Women in Winnipeg, aged 30 and older and at risk of cardiovascular disease, can now be referred by their primary health-care providers to Her Heart Her Way, a free program developed as part of a social impact bond to support women’s heart health, Mental Health and Community Wellness Minister Sarah Guillemard announced today.
“This innovative program is tailored to address the specific and unique heart health needs of women who experience heart health differently than men, especially considering the signs of heart disease in women are more likely to go unrecognized,” said Guillemard. “This social impact bond is designed to reduce the risk of heart disease in women, as measured by improved systolic blood pressure and increased physical activity.”
The prevention program is for Winnipeg women with increased risk of cardiovascular disease, including high cholesterol and high blood pressure, who want support to change lifestyle risk factors related to diet, weight, physical activity, stress, alcohol or commercial tobacco use.
Women aged 30 and older at risk of cardiovascular disease can be referred to the program if their primary health-care providers determine they meet the program’s eligibility criteria. After an initial assessment, every participant is matched with a mentor and receives ongoing support and guidance toward self-identified goals.
The Victoria Hospital Foundation is partnering with the Manitoba government and the Reh-Fit Centre in Winnipeg on the social impact bond. The foundation will invest $600,000 over three years to enable the delivery of the Her Heart Her Way program, which is jointly offered through the Reh-Fit Centre and the Winnipeg Regional Health Authority.
“We are proud to invest in this important program to support the unique heart health needs of women,” said Nicole Chammartin, executive director, Victoria Hospital Foundation. “We are pleased to work in collaboration with the Manitoba government, Reh-Fit Centre and Winnipeg Regional Health Authority to address one of the most significant health challenges facing women in Manitoba today.”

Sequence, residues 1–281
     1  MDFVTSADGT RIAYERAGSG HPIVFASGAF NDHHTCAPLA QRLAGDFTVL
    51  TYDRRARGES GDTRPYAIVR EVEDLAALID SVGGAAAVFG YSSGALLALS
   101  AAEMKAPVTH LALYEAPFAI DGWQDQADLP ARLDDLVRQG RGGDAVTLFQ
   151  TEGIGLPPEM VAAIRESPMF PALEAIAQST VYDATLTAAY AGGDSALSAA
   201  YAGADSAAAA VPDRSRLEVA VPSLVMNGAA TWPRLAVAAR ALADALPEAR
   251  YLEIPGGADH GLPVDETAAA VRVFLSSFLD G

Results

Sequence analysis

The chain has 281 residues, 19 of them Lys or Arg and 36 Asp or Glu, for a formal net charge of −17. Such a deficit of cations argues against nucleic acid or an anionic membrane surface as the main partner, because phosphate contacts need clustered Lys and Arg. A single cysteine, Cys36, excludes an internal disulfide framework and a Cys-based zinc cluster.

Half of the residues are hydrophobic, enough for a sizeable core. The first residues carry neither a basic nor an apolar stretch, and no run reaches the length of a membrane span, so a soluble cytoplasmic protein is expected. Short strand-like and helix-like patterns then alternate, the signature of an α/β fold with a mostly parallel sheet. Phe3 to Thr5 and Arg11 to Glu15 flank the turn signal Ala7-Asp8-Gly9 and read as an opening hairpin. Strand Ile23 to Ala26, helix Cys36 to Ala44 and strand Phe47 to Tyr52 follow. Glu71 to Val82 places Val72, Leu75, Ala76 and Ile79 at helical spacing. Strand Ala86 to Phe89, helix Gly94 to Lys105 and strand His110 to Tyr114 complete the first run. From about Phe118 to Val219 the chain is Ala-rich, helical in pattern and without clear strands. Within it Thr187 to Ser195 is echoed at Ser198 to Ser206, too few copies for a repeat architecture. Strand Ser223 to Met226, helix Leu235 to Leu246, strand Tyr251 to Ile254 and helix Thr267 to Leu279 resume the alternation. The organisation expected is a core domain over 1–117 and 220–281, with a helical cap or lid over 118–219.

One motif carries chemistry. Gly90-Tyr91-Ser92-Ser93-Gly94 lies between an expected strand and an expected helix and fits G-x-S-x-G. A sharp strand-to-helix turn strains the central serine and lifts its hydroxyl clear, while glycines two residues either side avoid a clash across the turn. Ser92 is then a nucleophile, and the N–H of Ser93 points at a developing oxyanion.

This is the first time a Manitoba community-led program has been integrated with electronic medical records and other provincial data systems, the minister noted, adding it will vastly improve the way programming is delivered.
“Preventing heart disease risk in women is incredibly important and we know that simple evidence-based interventions, such as increased physical activity and lifestyle coaching, are key to prevention,” said Sue Boreskie, CEO, Reh-Fit Centre. “We are pleased to be a part of this exciting partnership to help Manitoba women have better heart health now and for years to come.”
A social impact bond is an innovative social policy tool that brings together government, the private sector, not-for-profit organizations and other stakeholders to deliver effective solutions focused on prevention. Private investment is initially used to fund the programs and is repaid if social outcomes and cost savings are realized. These types of programs allow the government to explore more innovative solutions while reducing financial risk, with the ultimate goal of delivering better outcomes for Manitobans.
To learn more about social impact bonds, visit https://gov.mb.ca/sib/index.html.
Source: Manitoba government